The problem lies—as it does with every severed head—in the distance between the body of motivating virtue and the blood that “emanates” from it.

In other words, an act can start (or emanate) from a desire for justice, even while it results in flailing vengeance that is itself unjust. Violence begets violence. Victims become perpetrators.

When justice becomes a god, she begets vengeful demons.

JUSTICE WITHOUT JESUS

Michael O. Emerson makes a related point in his recent CT article, “Goodbye Christ; I’ve got justice duty” (here).

There he tells the story of two Christians who could stand in for many others.

“They represent what I see repeatedly. Christians grow up in faith defined as an individual relationship with Christ. When they learn that God cares about justice, and when they see the whiteness and complicity of the faith they claim, they either become tied tenuously to that faith, mocking many aspects of it, or they leave it all together.”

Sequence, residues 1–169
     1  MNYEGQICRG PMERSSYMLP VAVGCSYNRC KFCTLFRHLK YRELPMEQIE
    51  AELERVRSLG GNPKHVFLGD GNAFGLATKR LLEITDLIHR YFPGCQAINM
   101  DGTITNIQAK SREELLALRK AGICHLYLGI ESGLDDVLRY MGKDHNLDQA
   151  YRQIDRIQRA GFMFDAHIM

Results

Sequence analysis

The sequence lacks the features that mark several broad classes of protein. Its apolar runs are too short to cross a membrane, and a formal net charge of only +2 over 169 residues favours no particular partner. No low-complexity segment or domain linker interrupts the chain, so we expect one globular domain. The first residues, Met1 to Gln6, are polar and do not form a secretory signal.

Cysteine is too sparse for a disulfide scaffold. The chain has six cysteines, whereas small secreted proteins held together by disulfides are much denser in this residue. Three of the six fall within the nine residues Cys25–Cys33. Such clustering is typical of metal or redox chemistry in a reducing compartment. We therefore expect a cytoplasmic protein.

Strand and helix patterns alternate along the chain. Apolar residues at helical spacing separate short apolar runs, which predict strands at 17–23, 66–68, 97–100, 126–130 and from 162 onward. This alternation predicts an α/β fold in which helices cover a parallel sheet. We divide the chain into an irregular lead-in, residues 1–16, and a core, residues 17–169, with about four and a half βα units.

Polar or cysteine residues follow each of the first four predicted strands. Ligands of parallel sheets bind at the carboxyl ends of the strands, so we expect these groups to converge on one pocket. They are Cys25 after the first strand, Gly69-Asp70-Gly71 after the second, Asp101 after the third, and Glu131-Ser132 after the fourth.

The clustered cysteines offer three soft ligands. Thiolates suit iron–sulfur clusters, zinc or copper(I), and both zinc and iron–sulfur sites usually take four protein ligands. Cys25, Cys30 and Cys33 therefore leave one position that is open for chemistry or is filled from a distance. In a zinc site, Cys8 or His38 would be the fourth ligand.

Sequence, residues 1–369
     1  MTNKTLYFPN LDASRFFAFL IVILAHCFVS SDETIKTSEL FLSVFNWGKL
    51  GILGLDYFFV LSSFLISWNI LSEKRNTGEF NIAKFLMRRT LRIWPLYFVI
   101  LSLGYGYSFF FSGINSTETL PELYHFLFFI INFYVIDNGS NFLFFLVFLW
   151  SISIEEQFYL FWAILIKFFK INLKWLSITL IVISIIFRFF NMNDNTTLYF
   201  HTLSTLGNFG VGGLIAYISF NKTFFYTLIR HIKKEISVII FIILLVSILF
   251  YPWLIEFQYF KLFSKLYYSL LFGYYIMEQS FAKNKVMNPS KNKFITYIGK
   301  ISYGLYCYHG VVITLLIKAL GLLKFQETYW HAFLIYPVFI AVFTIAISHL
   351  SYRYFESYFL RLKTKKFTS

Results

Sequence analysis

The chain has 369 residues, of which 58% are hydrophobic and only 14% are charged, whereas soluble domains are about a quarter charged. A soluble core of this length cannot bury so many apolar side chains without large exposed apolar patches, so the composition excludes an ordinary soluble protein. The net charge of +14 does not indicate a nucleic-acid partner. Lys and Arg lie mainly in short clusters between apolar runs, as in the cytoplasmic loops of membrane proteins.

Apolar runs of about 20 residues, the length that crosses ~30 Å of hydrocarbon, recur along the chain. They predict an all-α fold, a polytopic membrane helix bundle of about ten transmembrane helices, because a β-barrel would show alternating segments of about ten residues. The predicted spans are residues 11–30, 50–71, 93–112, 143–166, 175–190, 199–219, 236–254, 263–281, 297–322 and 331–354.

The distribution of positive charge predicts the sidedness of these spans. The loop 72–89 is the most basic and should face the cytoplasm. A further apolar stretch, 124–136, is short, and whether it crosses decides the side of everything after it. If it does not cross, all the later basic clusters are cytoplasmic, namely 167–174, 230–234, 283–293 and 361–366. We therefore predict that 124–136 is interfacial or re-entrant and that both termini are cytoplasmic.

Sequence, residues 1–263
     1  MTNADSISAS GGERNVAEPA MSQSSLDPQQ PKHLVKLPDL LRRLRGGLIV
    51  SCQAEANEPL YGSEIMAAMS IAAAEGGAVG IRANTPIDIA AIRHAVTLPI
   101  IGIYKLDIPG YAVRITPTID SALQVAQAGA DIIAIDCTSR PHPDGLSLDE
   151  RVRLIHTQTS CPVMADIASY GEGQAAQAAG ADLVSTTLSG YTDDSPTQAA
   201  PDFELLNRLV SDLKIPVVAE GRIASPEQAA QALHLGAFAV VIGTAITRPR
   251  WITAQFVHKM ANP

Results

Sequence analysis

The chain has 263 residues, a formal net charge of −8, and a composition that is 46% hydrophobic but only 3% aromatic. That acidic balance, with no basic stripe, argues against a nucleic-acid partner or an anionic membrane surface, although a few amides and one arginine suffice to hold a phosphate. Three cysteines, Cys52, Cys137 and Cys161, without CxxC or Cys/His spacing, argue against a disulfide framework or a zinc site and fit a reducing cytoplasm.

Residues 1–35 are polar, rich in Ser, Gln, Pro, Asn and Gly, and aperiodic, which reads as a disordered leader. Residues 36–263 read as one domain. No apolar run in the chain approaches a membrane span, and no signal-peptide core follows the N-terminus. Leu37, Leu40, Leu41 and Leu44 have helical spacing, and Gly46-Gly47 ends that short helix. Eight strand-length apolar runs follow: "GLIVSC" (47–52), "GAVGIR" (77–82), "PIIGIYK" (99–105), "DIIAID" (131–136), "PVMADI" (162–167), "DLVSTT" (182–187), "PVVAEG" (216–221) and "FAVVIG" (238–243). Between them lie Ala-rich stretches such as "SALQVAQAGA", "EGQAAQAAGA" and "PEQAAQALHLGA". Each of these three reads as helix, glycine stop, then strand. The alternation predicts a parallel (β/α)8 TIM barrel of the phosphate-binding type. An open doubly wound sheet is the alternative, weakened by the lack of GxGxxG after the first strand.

In these cases, the bitterness is directed toward Christ and his bride.

Some of that is understandable, and especially when certain evangelicals assume that the solution is to deny systemic injustice altogether (see here).

There is a better way.

As Emerson concludes:

Justice is not about domination or identity politics or even getting what is fair. Justice is about realizing right relationships, making right what is broken between us—including fixing our systems. Jesus’ justice is shalom: peaceful, equitable community in communion with YHWH, directed and empowered by the Spirit of Christ, certain to come to pass by God’s power and not our own.

Neither complicity nor vengeance will do. Neither deficiency nor excess.

CONCLUSION

The human tendency to “excessorize” virtue (not least through signaling) is worth remembering in this strange year of 2020.